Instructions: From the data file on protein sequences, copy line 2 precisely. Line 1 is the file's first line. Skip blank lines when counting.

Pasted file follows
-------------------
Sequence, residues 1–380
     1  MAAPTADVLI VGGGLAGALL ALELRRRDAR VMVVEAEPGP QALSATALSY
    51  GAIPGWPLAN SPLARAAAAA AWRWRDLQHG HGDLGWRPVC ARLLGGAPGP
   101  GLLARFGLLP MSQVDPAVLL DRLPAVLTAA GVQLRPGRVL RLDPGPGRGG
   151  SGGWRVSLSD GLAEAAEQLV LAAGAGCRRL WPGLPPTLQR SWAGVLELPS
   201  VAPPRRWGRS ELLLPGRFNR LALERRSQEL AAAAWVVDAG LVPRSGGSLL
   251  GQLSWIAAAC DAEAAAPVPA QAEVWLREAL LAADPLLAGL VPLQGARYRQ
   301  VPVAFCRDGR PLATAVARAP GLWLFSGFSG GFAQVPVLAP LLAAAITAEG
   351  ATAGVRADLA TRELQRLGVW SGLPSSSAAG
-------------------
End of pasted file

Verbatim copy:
     1  MAAPTADVLI VGGGLAGALL ALELRRRDAR VMVVEAEPGP QALSATALSY